When my guest today, Lynn Kwitt was born with the umbilical cord wrapped around her neck 3 times, no one at the time had any idea of what this young baby had already suffered in utero.It wasn’t until Lynn was 8 months old that arigidity set into her body ultimately limiting movement and sensation on her entire right side.No one had answers or solutions. Her mother overprotected her; Lynn self-isolated and stayed to herself and as you can imagine this young child became extremely self conscious.
For many people an early beginning like this could lead to a complete shutdown and withdrawal from the world.But not Lynn. Instead of giving up, Lynn eventually sought answersand ways to give new life to her body and spirit as she began a lifelong quest to understand her condition and to find healing and peace.Along the way, she became her own healer and now offers hope and healing to others through the many healing modalities that changed her life.
I invite you to listen to Lynn’s story.
And, if you would like to learn more about Lynn, make an appointmentor contact her, here is her information.
Parents make hundreds of decisions every day. While most are quickly forgotten, some remain indelibly pressed into our minds and some live on in our hearts forever more.
This week on KOWS Wise Woman Storytime, Bonnie Bruinsslot shares a personal story from her child rearing days and offers us all an important lesson on trusting your parental instincts, valuing your relationship with your child and the importance of making the choices in our lives that most reflect and resonate with our values.
Growing up there are cultural conventions, behaviors, even attitudes that are expected of us, often times in direct conflict with how we see ourselves and who we are.
What happens when, your authentic self is in direct conflict with others and society’s pressures to conform?Try as you might, you think differently and want different things and your round peg just doesn’t fit into that square hole?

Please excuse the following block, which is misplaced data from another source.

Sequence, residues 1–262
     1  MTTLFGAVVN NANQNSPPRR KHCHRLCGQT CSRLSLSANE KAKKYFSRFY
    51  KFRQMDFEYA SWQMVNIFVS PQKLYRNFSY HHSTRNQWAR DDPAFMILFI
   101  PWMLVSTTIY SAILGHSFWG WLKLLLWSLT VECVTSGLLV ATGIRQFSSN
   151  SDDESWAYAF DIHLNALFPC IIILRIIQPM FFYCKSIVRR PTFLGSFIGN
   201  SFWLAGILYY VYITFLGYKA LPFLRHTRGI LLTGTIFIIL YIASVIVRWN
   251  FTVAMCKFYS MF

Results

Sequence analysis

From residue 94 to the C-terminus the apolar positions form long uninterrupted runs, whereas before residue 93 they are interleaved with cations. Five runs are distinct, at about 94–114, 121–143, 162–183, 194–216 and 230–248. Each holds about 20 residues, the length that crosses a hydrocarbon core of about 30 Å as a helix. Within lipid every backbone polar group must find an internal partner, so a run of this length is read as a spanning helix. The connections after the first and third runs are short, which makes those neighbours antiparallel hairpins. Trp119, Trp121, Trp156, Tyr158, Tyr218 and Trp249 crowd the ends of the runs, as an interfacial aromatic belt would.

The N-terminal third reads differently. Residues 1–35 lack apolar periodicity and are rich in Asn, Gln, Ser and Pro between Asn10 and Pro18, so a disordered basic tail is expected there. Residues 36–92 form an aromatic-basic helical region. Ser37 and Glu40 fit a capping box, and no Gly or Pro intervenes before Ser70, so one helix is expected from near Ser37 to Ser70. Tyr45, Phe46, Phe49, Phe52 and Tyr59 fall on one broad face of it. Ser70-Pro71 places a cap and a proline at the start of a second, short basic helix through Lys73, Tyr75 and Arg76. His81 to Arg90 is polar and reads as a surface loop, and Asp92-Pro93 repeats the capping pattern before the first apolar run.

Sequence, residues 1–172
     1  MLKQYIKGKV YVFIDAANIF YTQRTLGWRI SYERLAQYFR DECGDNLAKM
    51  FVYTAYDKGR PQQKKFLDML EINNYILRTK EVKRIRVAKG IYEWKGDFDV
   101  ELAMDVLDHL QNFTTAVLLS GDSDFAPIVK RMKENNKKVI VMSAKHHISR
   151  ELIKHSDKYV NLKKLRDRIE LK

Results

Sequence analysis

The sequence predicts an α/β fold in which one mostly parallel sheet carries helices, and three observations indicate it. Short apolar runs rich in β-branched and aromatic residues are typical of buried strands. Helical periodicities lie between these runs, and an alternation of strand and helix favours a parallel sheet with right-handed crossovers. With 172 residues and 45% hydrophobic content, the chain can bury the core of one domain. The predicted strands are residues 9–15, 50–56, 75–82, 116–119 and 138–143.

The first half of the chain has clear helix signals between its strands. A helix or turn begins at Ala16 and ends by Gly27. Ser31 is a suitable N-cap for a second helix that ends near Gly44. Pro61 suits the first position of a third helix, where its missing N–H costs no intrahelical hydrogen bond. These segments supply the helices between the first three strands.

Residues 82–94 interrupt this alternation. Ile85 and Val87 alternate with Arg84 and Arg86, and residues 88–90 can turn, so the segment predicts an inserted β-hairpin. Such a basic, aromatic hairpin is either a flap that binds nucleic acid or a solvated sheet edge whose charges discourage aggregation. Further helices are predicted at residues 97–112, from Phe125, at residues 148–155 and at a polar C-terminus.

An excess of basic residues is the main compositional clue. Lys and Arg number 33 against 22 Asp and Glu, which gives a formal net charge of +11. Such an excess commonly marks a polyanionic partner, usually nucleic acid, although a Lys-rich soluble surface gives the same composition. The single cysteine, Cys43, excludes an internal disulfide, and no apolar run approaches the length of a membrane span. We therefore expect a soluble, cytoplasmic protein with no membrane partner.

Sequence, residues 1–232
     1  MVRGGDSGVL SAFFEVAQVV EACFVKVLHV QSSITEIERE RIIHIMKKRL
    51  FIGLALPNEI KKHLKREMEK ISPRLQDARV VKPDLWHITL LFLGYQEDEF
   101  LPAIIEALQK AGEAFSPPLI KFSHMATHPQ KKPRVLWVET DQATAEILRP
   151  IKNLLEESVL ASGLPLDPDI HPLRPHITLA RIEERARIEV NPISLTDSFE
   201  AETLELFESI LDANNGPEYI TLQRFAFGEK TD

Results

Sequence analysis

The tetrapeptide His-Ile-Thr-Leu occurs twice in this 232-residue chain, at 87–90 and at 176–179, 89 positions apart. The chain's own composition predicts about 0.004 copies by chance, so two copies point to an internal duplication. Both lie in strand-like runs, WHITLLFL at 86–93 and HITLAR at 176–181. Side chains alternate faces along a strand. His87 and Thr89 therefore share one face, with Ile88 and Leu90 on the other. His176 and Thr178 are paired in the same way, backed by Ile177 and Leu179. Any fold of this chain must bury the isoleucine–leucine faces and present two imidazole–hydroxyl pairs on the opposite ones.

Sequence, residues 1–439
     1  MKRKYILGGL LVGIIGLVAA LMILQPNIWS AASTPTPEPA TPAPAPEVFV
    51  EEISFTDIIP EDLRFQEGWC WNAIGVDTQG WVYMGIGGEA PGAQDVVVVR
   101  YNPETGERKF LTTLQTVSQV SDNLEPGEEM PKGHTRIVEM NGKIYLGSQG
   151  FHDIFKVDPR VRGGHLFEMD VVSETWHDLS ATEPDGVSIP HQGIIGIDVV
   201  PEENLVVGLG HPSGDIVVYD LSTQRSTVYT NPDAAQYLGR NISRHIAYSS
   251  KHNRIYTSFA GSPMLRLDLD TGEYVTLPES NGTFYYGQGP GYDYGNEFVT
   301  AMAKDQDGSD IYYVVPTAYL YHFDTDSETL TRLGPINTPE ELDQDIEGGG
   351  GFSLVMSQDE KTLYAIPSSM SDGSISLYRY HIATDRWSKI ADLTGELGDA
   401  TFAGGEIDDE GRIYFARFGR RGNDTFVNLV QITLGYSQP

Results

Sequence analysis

And then what happens when you think you’ve found the match for your round peg, and you find yourself bumping up against a workforce that undermines, demeans and refuses to take you seriously simply because they deem you to be the wrong gender?What happens when the quality of your work is jeopardizedwithsexist attitudes, prejudices and work place discrimination and your job performance is compromised by behaviors and attitudes that thwart your success in your chosen career?
Diane Masura, my guest today on KOWS Wise Woman Storytime faced these challenges in her early and young adult years. But rather than succumbto feelingsof alienation and victimization, instead went on to create a fulfilling, rich, creative and inspiring life- one that brought her to Sonoma County over 50 years agowhere she has thrived personally, worked professionally and has been a quiet force and non-stop contributing member to our community.
Listen to her story and hear the wise woman lessons that we can all learn from.
Most weeks on Wise Woman Storytime, I invite an elderwoman on to the show to share a personal story from her life. This week, however, my guest is a he rather than a she. While my focus is still on putting the spotlight on older women and giving them the voice and visibility they so deserve, it is not lost on me that there are wonderful Wise Men; and today you will get to hear the story from one such man.
It’s no surprise that I first met my guest today, Shepherd Bliss at a political action about 4 years ago, shortly after I moved to Sonoma County.Although at the time when I was first introduced to him, his name sounded familiar, I was soon to find out that this quiet, soft spoken and gentle soul was a powerhouse to be reckoned with; a positive force for the good of the people; a steward for the planet, animals and the environment; and someone who lives his life by deeply held convictions; never afraid to speak up and speak out about injustices and inequities.